If you own a Honda, Acura, Infiniti, or Nissan with a SiriusXM subscription installed, your vehicle could have been an easy mark for car theft. That’s because its Connected Vehicle Services includes remote functions for car owners. Car thieves could unlock the car and then remotely start it. A second person near the car could drive it away. But it gets worse.
So how do car thieves hack into cars with SiriusXM?
Bug bounty hunter Sam Curry found that besides stealing your car, thieves could gain access to private information. “We took the authorization bearer and used it in an HTTP request to fetch the user profile,” Curry explains on his Twitter account. “It worked! The response contained the victim’s name, phone number, address, and car details. At this point, we made a simple python script to fetch the customer details of any VIN number.”
It’s becoming a common problem with remote connectivity. Hackers can transmit authentication codes between a key fob and the car’s ECU. Tesla vehicles are especially vulnerable, with a security expert in Germany showing he controlled around half a dozen Teslas at one time.
Is anything being done to stop the car thieves?
First, he would open the doors and/or windows. Then, by disabling Sentry Mode and locating the Tesla, it can be swiped. The vulnerability reports have the National Highway Traffic Safety Administration’s attention.
“Cybersecurity needs to be a top priority for every automaker, developer, and operator,” the NHTSA announced. One of the easiest ways is to pick up the key fob signal inside a house. From there, unlocking the doors and starting up the car is easy.
Immobilizers can stop only some car thefts
With immobilizers now in most cars, the only way to start a car remotely is with a unique handshake signal. Thieves need a laptop, a specific frequency, and knowledge of hacking to create the specific electronic signal to start the car.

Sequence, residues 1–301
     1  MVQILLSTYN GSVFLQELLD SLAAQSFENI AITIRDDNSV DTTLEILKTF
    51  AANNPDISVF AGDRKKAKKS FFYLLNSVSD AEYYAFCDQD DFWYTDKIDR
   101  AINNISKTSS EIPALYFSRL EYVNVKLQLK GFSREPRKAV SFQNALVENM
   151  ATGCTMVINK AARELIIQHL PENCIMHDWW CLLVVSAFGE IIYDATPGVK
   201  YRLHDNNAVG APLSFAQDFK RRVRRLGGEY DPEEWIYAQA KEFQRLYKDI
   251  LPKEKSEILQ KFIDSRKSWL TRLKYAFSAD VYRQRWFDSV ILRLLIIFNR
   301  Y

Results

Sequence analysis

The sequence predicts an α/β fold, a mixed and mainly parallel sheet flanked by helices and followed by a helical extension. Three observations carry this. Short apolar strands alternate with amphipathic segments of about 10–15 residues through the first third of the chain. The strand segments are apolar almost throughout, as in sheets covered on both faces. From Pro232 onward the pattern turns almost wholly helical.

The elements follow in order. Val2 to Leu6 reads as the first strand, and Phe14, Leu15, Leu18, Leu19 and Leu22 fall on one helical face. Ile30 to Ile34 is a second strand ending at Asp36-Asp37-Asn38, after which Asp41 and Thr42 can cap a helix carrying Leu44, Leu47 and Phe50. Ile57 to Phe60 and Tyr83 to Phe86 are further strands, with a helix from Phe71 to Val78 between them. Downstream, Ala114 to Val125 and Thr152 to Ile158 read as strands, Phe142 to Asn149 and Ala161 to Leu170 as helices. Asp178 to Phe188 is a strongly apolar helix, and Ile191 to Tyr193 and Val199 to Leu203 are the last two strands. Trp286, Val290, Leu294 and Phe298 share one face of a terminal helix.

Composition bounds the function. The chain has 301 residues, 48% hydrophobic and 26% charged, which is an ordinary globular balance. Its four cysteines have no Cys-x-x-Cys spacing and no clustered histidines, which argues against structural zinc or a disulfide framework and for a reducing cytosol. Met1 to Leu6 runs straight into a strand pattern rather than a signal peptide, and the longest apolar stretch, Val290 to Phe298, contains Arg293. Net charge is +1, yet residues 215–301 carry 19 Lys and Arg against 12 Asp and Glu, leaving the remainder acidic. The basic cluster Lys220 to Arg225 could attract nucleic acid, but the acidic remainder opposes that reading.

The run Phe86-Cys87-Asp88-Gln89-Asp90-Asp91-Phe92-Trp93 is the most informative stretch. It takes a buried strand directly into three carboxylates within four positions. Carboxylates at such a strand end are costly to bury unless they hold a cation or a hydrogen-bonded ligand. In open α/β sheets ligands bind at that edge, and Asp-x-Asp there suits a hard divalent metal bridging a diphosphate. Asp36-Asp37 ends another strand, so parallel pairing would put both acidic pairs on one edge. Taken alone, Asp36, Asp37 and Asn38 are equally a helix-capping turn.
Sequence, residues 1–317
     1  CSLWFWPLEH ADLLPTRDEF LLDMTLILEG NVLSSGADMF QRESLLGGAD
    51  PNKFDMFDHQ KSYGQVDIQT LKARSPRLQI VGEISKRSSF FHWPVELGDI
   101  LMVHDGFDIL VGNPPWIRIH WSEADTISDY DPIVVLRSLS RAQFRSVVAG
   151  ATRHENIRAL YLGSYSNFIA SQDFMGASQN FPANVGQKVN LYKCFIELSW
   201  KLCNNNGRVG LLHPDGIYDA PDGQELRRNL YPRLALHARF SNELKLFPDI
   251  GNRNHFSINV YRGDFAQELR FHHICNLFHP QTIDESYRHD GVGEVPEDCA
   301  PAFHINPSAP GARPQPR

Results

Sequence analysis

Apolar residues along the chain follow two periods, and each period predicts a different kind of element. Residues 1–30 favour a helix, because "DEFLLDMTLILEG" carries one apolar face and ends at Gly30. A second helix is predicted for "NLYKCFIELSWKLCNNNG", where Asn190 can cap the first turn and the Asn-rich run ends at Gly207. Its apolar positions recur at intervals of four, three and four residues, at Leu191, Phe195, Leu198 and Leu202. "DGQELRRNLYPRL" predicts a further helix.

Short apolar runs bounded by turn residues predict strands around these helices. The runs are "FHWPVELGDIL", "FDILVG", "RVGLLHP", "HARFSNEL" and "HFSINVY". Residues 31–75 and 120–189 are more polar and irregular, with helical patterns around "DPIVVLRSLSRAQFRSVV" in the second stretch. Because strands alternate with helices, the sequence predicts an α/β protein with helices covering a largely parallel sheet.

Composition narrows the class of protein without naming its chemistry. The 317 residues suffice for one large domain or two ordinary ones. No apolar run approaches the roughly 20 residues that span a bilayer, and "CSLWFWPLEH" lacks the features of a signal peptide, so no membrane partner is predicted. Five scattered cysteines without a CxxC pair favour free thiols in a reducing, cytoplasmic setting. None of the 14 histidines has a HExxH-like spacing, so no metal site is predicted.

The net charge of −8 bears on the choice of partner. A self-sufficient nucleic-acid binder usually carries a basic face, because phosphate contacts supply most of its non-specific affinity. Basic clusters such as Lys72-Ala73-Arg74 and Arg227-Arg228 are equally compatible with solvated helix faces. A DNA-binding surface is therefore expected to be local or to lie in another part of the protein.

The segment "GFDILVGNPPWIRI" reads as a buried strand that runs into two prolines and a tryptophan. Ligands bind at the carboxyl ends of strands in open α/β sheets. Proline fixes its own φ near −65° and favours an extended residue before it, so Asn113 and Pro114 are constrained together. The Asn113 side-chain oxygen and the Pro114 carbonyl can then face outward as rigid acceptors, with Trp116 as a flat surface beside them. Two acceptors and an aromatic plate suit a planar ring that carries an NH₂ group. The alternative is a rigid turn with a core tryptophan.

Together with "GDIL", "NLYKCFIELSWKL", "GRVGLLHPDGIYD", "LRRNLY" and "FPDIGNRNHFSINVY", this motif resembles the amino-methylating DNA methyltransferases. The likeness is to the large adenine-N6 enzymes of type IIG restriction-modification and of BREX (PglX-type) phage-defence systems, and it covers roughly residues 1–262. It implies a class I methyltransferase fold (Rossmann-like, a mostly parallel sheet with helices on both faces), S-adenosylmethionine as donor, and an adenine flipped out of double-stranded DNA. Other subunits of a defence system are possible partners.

As to thieves getting the key fob signal from inside of a house, keeping the fob away from the front of the house, or better, inside the refrigerator, it isolates the signal from spreading beyond the four walls of the house. But eventually, hackers will come up with another hack to override patches or other security measures to fight stolen car incidents.
So would going back to a physical key lower theft rates? Yes, plenty of thefts happened with these ignition systems. But you had to either get the key or physically hack into the steering column to access the ignition switch and unlock the steering wheel.
Why not go back to physical keys?
So the combination of those two deterrents helped keep somewhat of a lid on car theft. Getting the key is an obvious way to block theft. And having to hack the column takes time.
But not that much time. Maybe three minutes with a screwdriver. And they were easily accessible, being right on the steering column. So if there was a reason to go back, which we doubt carmakers will do, they would be aware enough to isolate and shield the ignition switch better than in the 1980s.
The good news about the SiriusXM breach is that the company was made aware of the issue and created a patch to thwart car thieves. Until, as we said, a better hack is discovered.